Activists, Filmmakers Mark First Anniversary of David Kato Murder: VIDEO
More than 100 Ugandan LGBT activists and family members gathered in Kampala today to mark the one year anniversary of the murder of the brave activist David Kato:
Gay rights activists speaking at the event called Kato, 46 at the time of his death, "the godfather" of the Ugandan gay movement and said that his passing had left a large void in the life of the country's gay community. "He always looked out for all of us even at times when we thought it was too difficult," Frank Mugisha, director of SMUG, said at the function in the garden of a hotel in central Kampala.
Katherine Fairfax Wright and Malika Zouhali-Worrall, the filmmakers behind Call Me Kuchu, a documentary on Kato and the Ugandan LGBT movement premiering February 11 at the Berlin Film Festival, have posted a touching piece on Kato and a clip from their documentary, on the NYT website:
During our first days in Kampala, a member of Parliament told us, “there is no longer a debate in Uganda as to whether homosexuality is right or not – it is not.” From what we knew of the pending Anti-Homosexuality Bill – which proposed death for H.I.V.-positive gay men and prison for anyone who failed to turn in a known homosexual – we were tempted to believe him.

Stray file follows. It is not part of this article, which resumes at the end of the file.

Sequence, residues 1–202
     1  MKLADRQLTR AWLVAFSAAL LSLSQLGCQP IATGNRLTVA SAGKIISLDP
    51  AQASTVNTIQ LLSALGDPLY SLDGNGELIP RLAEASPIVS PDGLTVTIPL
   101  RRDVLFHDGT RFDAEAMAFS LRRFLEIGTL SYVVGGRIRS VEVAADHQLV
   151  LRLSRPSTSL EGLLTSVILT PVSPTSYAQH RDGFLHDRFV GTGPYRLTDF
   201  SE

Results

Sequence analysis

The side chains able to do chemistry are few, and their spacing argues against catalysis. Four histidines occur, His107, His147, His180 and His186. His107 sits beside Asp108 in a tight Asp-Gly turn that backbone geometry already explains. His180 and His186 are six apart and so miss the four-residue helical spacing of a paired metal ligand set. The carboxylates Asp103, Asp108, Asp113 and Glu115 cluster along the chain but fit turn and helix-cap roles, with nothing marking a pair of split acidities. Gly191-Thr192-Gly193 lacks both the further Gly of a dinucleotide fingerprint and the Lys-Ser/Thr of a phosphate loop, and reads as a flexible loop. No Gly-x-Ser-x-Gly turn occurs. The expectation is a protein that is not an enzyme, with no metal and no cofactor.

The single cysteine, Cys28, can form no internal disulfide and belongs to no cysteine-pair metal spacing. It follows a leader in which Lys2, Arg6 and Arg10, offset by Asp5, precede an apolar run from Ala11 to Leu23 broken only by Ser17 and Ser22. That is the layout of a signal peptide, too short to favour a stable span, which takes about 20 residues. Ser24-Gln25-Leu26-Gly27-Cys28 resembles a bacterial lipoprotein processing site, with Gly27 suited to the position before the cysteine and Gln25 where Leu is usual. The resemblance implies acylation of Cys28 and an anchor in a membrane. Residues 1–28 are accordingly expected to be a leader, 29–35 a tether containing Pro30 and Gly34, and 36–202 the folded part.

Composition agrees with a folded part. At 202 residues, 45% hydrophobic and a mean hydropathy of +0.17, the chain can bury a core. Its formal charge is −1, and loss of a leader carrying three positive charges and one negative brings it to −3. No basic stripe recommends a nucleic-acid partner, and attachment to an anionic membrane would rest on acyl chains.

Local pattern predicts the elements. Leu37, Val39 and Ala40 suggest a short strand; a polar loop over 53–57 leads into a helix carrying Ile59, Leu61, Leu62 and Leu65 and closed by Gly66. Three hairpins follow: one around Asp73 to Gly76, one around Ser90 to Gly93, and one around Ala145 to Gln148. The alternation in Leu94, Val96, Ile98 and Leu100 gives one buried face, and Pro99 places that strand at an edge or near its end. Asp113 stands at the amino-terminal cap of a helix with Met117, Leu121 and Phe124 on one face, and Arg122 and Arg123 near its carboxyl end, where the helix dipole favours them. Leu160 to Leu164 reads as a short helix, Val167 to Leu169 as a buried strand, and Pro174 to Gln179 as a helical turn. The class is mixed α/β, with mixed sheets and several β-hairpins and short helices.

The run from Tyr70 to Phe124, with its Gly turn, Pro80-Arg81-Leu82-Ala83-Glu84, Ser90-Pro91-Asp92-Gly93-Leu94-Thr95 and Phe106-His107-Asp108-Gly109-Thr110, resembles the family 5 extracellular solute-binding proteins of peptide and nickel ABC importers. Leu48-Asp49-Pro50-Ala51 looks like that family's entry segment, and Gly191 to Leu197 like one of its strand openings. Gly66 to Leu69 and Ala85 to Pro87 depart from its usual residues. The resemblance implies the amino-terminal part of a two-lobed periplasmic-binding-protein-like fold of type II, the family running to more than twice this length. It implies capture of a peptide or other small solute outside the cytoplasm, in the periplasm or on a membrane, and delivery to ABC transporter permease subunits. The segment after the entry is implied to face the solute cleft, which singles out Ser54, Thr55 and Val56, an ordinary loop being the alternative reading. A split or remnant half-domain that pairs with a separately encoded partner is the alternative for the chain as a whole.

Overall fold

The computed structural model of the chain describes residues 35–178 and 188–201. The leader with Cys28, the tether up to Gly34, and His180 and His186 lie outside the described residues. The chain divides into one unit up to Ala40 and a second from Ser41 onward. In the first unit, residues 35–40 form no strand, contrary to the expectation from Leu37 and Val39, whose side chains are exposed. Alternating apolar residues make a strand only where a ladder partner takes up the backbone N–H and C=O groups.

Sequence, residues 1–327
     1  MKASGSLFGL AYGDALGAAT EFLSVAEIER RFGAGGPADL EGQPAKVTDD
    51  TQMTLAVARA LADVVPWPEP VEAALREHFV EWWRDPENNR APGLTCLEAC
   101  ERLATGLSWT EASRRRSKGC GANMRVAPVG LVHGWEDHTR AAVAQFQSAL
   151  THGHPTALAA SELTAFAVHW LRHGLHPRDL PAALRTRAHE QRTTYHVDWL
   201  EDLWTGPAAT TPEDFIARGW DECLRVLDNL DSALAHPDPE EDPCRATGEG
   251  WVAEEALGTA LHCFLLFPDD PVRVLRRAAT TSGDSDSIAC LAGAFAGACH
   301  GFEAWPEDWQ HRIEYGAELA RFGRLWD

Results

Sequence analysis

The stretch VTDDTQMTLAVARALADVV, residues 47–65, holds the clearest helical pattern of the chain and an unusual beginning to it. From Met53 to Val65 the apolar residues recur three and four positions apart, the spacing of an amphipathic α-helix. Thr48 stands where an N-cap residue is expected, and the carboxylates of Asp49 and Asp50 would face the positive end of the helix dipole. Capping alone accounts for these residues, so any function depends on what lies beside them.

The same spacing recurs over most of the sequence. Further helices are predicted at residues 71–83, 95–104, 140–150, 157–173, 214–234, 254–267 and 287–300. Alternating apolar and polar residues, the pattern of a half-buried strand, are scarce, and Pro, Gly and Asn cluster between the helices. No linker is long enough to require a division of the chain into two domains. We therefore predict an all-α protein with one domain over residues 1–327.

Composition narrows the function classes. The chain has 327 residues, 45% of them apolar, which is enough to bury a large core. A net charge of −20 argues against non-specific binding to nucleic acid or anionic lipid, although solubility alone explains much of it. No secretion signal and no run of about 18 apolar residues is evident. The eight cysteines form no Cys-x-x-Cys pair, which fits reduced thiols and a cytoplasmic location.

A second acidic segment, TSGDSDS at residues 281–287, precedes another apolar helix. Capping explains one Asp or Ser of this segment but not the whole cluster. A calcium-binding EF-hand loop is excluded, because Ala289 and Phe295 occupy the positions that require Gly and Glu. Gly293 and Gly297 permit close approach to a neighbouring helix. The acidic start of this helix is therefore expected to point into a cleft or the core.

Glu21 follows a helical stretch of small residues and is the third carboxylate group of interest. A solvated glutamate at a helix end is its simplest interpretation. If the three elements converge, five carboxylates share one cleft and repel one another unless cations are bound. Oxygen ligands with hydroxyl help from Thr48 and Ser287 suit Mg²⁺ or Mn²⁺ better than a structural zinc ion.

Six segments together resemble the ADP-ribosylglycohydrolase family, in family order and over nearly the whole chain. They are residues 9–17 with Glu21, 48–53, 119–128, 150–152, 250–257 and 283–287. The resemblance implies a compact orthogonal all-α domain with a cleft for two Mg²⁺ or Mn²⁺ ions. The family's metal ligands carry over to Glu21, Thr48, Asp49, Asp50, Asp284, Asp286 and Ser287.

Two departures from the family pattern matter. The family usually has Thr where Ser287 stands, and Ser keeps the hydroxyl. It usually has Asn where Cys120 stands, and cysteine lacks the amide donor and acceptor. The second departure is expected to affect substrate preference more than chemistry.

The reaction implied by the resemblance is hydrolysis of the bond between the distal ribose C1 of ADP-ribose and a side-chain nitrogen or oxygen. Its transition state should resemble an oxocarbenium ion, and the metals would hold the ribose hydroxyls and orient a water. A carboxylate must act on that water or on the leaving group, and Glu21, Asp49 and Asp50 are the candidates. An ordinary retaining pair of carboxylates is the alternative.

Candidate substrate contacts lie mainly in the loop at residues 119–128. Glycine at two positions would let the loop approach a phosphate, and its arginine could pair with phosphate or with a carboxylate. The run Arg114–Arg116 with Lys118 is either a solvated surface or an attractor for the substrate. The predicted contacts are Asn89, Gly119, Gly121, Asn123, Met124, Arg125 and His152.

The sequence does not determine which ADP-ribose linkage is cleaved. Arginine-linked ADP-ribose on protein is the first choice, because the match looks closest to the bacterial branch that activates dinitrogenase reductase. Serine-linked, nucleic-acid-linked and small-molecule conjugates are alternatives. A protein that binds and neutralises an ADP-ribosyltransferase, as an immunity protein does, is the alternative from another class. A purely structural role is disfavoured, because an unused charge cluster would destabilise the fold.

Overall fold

But David showed us a different reality. Initially, he played something of a fixer, our main liaison with the L.G.B.T., or “kuchu” community. We soon realized, however, that the man known as the “grandfather of the kuchus” was one of the most outspoken and inspired activists in East Africa. The more time we spent documenting his work, the more evident it became that, contrary to the M.P.’s claim, David and his fellow activists were, in fact, generating real debate in Uganda. Kampala’s kuchus had begun to dismantle the country’s discriminatory status quo, and were working tirelessly to change their fate and that of others across Africa."
I posted about Kuchu last April while the filmmakers were still looking for funding on Kickstarter. I'm glad to see they found it, and turned in what looks like an incredible, important piece of film.
Watch the trailer for Call Me Kuchu, AFTER THE JUMP...